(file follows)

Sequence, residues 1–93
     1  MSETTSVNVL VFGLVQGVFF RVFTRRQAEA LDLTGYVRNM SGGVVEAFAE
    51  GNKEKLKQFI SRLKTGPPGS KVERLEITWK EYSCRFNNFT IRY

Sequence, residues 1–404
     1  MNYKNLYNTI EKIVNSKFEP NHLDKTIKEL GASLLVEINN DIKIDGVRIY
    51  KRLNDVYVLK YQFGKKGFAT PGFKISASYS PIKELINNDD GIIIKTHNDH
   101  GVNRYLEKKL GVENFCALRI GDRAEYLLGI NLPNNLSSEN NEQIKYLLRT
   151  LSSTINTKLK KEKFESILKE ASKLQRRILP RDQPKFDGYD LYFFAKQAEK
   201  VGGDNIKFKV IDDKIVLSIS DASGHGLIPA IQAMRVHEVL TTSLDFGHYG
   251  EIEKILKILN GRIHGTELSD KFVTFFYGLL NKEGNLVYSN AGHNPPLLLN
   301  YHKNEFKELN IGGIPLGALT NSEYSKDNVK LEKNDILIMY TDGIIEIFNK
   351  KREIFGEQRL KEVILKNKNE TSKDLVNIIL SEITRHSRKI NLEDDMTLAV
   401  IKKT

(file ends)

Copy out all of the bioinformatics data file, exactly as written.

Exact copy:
Sequence, residues 1–93
     1  MSETTSVNVL VFGLVQGVFF RVFTRRQAEA LDLTGYVRNM SGGVVEAFAE
    51  GNKEKLKQFI SRLKTGPPGS KVERLEITWK EYSCRFNNFT IRY

Sequence, residues 1–404
     1  MNYKNLYNTI EKIVNSKFEP NHLDKTIKEL GASLLVEINN DIKIDGVRIY
    51  KRLNDVYVLK YQFGKKGFAT PGFKISASYS PIKELINNDD GIIIKTHNDH
   101  GVNRYLEKKL GVENFCALRI GDRAEYLLGI NLPNNLSSEN NEQIKYLLRT
   151  LSSTINTKLK KEKFESILKE ASKLQRRILP RDQPKFDGYD LYFFAKQAEK
   201  VGGDNIKFKV IDDKIVLSIS DASGHGLIPA IQAMRVHEVL TTSLDFGHYG
   251  EIEKILKILN GRIHGTELSD KFVTFFYGLL NKEGNLVYSN AGHNPPLLLN
   301  YHKNEFKELN IGGIPLGALT NSEYSKDNVK LEKNDILIMY TDGIIEIFNK
   351  KREIFGEQRL KEVILKNKNE TSKDLVNIIL SEITRHSRKI NLEDDMTLAV
   401  IKKT